The wardship of the body was a consequence of the wardship of the land; for he who enjoyed the infant's estate was the properest person to educate and maintain him in his infancy: and also, in a political view, the lord was most concerned to give his tenant a suitable education, in order to qualify him the better to perform those services which in his maturity he was bound to render. 1 Ibid.

2 BLACKST. -11

When the male heir arrived to the age of twenty-one, or the heir-female to that of sixteen, they might sue out their livery or ousterlemain; that is, the delivery of their lands out of their guardian's hands. For this they were obliged to pay a fine, namely, half a year's profits of the land; though this seems expressly contrary to magna carta.1 However, in consideration of their lands having been so long in ward, they were excused all reliefs, and the king's tenants also all primer seisins. In order to ascertain the profits that arose to the crown by these fruits of tenure, and to grant the heir his livery, the itinerant justices, or justices in eyre, had it formerly in charge to make inquisition concerning them by a jury of the county," commonly called an inquisitio post mortem; which was instituted to inquire (at the death of any man of fortune) the value of his estate, the tenure by which it was [69] holden, and who, and of what age his heir was; thereby to ascertain the relief and value of the primer seisin, or the wardship and livery accruing to the king thereupon. A manner of proceeding that came in process of time to be greatly abused, and at length an intolerable grievance; it being one of the principal accusations against Empson and Dudley, the wicked engines of Henry VII., that by colour of false inquisitions they compelled many persons to sue out livery from the crown, who by no means were tenants thereunto. And, afterwards, a court of wards and liveries was erected,P for conducting the same inquiries in a moro solemn and legal manner. When the heir thus came of full age, provided he held a knight's fee' [see note 20, page 135], he was to receive k Co. Litt. 77.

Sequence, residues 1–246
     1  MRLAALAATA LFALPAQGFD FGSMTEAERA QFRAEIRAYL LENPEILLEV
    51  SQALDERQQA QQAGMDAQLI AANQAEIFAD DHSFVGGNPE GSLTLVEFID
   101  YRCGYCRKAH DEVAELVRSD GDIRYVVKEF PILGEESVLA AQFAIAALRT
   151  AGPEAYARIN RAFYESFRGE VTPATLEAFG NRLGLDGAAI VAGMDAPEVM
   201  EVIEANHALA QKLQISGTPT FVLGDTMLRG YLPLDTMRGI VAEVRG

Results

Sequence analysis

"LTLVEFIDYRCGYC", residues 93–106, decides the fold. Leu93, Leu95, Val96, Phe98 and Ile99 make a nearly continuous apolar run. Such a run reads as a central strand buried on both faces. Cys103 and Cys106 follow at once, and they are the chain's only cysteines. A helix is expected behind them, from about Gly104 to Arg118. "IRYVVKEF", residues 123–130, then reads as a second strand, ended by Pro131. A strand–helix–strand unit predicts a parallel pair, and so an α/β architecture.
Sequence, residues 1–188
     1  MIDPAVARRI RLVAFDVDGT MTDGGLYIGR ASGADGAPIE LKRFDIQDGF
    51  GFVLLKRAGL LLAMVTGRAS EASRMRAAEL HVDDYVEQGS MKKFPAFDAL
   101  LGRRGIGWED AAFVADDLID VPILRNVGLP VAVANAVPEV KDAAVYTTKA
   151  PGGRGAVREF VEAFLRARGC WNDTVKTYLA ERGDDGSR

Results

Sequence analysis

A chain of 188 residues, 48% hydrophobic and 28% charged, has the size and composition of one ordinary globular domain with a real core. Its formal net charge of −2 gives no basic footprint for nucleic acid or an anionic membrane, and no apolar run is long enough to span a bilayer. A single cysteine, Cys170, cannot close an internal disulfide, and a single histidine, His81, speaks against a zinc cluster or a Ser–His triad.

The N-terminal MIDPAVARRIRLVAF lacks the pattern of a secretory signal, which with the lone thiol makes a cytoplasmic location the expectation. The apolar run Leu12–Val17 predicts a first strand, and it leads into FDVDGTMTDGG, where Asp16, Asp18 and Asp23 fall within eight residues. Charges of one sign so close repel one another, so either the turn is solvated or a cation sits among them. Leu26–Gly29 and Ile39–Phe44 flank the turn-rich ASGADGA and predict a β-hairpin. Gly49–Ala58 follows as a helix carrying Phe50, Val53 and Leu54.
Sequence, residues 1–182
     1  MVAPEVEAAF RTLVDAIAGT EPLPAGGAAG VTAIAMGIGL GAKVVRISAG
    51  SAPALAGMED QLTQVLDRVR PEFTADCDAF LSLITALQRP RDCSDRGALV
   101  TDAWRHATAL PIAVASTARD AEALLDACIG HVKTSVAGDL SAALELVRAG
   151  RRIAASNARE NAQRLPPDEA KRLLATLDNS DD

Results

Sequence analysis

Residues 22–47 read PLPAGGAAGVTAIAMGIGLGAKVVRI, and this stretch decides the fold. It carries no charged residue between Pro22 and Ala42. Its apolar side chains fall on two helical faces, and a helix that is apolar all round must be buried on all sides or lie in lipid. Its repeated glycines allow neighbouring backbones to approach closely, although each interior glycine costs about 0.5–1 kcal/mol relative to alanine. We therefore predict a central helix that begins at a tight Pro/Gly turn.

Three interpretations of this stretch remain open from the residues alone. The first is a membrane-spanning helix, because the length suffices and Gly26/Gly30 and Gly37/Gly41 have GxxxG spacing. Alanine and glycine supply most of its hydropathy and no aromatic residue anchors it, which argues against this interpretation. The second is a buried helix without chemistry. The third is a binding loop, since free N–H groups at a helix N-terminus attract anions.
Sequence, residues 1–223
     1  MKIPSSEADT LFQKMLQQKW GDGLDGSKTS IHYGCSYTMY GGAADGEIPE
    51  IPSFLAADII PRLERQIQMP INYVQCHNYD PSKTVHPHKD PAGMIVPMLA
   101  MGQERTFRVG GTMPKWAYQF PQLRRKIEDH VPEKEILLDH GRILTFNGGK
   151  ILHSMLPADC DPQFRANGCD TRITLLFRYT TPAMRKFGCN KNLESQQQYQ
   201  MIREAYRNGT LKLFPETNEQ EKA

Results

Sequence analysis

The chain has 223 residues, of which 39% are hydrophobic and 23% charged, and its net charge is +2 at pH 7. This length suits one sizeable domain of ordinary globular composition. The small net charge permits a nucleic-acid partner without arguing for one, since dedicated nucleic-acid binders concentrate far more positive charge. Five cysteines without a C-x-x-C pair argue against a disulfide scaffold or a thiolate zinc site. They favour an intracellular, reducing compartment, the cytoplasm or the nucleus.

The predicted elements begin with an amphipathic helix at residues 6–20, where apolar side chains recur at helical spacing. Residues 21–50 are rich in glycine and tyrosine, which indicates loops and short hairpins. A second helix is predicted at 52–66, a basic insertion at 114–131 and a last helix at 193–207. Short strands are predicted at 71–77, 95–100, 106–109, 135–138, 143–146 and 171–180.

19 Hen. III. c. 3.

m Co. Litt. 77.

n Hovoden. sub Ric. I.

o 4 Inst. 198.

p Stat. 32 Hen. VIII. c. 46.

9 Ninth edition inserts, "in capite under the crown."

the order of knighthood, and was compellable to take it upon him, or else pay a fine to the king. For in those heroical times, no person was qualified for deeds of arms and chivalry who had not received this order, which was conferred with much preparation and solemnity. We may plainly discover the footsteps of a similar custom in what Tacitus relates of the Germans, who in order to qualify their young men to bear arins, presented them in a full assembly with a shield and lance; which ceremony as was formerly hinted, is supposed to have been the original of the feodal knighthood. This prerogative, of compelling the vasals to be knighted, or to pay a fine, was expressly recognized in parliament, by the statute de militibus, 1 Edw. II.; was exerted as an expedient for raising money by many of our best princes, particularly by Edward VI. and queen Elizabeth; but yet was the occasion of heavy murmurs when exerted by Charles I.: among whose many misfortunes it was, that neither himself nor his people seemed able to distinguish between the arbitrary stretch, and the legal exertion, of prerogative. However, among the other concessions made by [70] that unhappy prince, before the fatal recourse to arms, he agreed to divest himself of this undoubted flower of the crown, and it was accordingly abolished by statute 16 Car. I. c. 20.

5. But, before they came of age, there was still another piece of authority, which the guardian was at liberty to exercise over his infant wards; I mean the right of marriage (maritagium, as contradistinguished from matrimonium) which in it's feodal sense signifies the power, which the lord or guardian in chivalry had of disposing of his infant ward in matrimony. For, q Vol. 1. pag. 404.

r "In ipso concilio vel principum aliquis, vel pater, vel propinquus, scuto frameaque juvenem ornant. Hæc apud illos toga, hic primus Juventæ honos: ante hoc domus pars videntur; mox reipublicæ." De mor. Germ. cap. 13.

9 Ninth edition inserts, "king's.'

8 Previously, "of."